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Chromosomal rearrangements maintain a polymorphic supergene controlling butterfly mimicry

  • Joron, Mathieu CNRS UMR 7205, Museum National d'Histoire Naturelle, Paris, France - Institute of Evolutionary Biology, University of Edinburgh, Ashworth Laboratories, Edinburgh, UK - Institute of Biology, Leiden University, Leiden, The Netherlands
  • Frezal, Lise CNRS UMR 7205, Museum National d'Histoire Naturelle, Paris, France
  • Jones, Robert T. Centre for Ecology and Conservation, School of Biosciences, University of Exeter, Cornwall Campus, Penryn, UK
  • Chamberlain, Nicola L. Centre for Ecology and Conservation, School of Biosciences, University of Exeter, Cornwall Campus, Penryn, UK
  • Lee, Siu F. Department of Genetics, Bio21 Institute, University of Melbourne, Victoria, Australia
  • Haag, Christoph R. Department of Biology, Ecology and Evolution, University of Fribourg, Switzerland
  • Whibley, Annabel CNRS UMR 7205, Museum National d'Histoire Naturelle, Paris, France
  • Becuwe, Michel Institute of Evolutionary Biology, University of Edinburgh, Ashworth Laboratories, Edinburgh, UK
  • Baxter, Simon W. Department of Zoology, University of Cambridge, UK
  • Ferguson, Laura Department of Zoology, University of Cambridge, UK
  • Wilkinson, Paul A. Centre for Ecology and Conservation, School of Biosciences, University of Exeter, Cornwall Campus, Penryn, UK
  • Salazar, Camilo Smithsonian Tropical Research Institute, NAOS island, Causeway Amador, Panama, Republica de Panama
  • Davidson, Claire The Wellcome Trust Sanger Institute, Cambridge, UK
  • Clark, Richard The Wellcome Trust Sanger Institute, Cambridge, UK
  • Quail, Michael A. The Wellcome Trust Sanger Institute, Cambridge, UK
  • Beasley, Helen The Wellcome Trust Sanger Institute, Cambridge, UK
  • Glithero, Rebecca The Wellcome Trust Sanger Institute, Cambridge, UK
  • Lloyd, Christine The Wellcome Trust Sanger Institute, Cambridge, UK
  • Sims, Sarah The Wellcome Trust Sanger Institute, Cambridge, UK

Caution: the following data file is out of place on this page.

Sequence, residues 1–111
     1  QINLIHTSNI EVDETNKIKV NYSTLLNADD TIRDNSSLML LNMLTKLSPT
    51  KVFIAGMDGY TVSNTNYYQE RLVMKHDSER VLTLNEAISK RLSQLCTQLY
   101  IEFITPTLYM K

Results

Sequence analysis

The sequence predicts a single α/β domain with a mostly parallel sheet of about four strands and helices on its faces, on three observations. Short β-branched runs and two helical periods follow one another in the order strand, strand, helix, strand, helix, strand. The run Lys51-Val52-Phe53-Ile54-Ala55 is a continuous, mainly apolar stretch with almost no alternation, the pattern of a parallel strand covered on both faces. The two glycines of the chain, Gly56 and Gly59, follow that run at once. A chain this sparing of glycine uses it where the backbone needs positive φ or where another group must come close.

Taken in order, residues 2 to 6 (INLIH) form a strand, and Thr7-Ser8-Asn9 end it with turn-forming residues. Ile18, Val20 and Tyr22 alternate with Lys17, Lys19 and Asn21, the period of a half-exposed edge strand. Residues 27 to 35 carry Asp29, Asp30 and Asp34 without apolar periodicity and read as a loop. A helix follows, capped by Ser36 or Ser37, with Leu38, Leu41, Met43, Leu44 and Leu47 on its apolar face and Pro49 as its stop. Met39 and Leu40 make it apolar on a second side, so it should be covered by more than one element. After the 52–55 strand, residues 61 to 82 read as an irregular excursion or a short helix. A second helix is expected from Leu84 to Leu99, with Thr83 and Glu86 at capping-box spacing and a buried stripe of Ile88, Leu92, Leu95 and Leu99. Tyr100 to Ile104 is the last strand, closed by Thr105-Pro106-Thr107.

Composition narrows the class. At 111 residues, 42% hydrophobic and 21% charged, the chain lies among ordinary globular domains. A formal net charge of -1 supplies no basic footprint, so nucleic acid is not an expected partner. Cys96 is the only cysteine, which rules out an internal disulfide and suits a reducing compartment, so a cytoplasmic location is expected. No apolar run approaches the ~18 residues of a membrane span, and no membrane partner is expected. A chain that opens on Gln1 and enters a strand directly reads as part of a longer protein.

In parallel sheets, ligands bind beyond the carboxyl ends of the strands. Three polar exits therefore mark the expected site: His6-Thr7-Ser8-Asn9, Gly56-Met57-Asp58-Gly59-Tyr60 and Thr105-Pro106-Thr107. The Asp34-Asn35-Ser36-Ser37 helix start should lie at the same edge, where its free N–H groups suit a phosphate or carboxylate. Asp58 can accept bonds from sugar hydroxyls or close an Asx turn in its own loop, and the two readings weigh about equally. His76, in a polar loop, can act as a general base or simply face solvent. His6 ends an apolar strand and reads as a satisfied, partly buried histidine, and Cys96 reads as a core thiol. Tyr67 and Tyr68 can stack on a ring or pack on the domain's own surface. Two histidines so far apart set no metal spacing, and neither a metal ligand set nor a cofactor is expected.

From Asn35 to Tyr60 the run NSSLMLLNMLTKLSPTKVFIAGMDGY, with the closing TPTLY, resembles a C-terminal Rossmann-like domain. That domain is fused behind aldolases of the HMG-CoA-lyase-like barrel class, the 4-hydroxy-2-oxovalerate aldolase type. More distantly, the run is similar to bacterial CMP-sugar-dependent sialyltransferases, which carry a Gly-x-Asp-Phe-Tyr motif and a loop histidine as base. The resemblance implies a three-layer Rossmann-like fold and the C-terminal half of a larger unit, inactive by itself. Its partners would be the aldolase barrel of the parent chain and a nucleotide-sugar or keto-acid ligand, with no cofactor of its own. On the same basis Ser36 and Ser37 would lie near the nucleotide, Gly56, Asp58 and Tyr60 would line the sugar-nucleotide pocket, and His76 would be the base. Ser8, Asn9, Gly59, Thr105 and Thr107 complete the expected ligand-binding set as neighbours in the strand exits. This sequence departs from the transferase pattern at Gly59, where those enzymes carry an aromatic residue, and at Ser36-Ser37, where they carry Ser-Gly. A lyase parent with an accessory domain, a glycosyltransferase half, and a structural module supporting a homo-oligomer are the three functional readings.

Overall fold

• Jones, Matthew C. The Wellcome Trust Sanger Institute, Cambridge, UK
  • Rogers, Jane The Wellcome Trust Sanger Institute, Cambridge, UK
  • Jiggins, Chris D. Department of Zoology, University of Cambridge, UK
  • ffrench-Constant, Richard H. Centre for Ecology and Conservation, School of Biosciences, University of Exeter, Cornwall Campus, Penryn, UK
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    14.08.2011
Published in:
  • Nature. - 2011
English Supergenes are tight clusters of loci that facilitate the co-segregation of adaptive variation, providing integrated control of complex adaptive phenotypes1. Polymorphic supergenes, in which specific combinations of traits are maintained within a single population, were first described for ‘pin’ and ‘thrum’ floral types in Primula1 and Fagopyrum2, but classic examples are also found in insect mimicry3, 4, 5 and snail morphology6. Understanding the evolutionary mechanisms that generate these co-adapted gene sets, as well as the mode of limiting the production of unfit recombinant forms, remains a substantial challenge7, 8, 9, 10. Here we show that individual wing-pattern morphs in the polymorphic mimetic butterfly Heliconius numata are associated with different genomic rearrangements at the supergene locus P. These rearrangements tighten the genetic linkage between at least two colour-pattern loci that are known to recombine in closely related species9, 10, 11, with complete suppression of recombination being observed in experimental crosses across a 400-kilobase interval containing at least 18 genes. In natural populations, notable patterns of linkage disequilibrium (LD) are observed across the entire P region. The resulting divergent haplotype clades and inversion breakpoints are found in complete association with wing-pattern morphs. Our results indicate that allelic combinations at known wing-patterning loci have become locked together in a polymorphic rearrangement at the P locus, forming a supergene that acts as a simple switch between complex adaptive phenotypes found in sympatry. These findings highlight how genomic rearrangements can have a central role in the coexistence of adaptive phenotypes involving several genes acting in concert, by locally limiting recombination and gene flow.
Faculty
Faculté des sciences et de médecine
Department
Département de Biologie
Language
  • English
Classification
Biology
License
License undefined
Identifiers
Persistent URL
https://folia.unifr.ch/unifr/documents/302070
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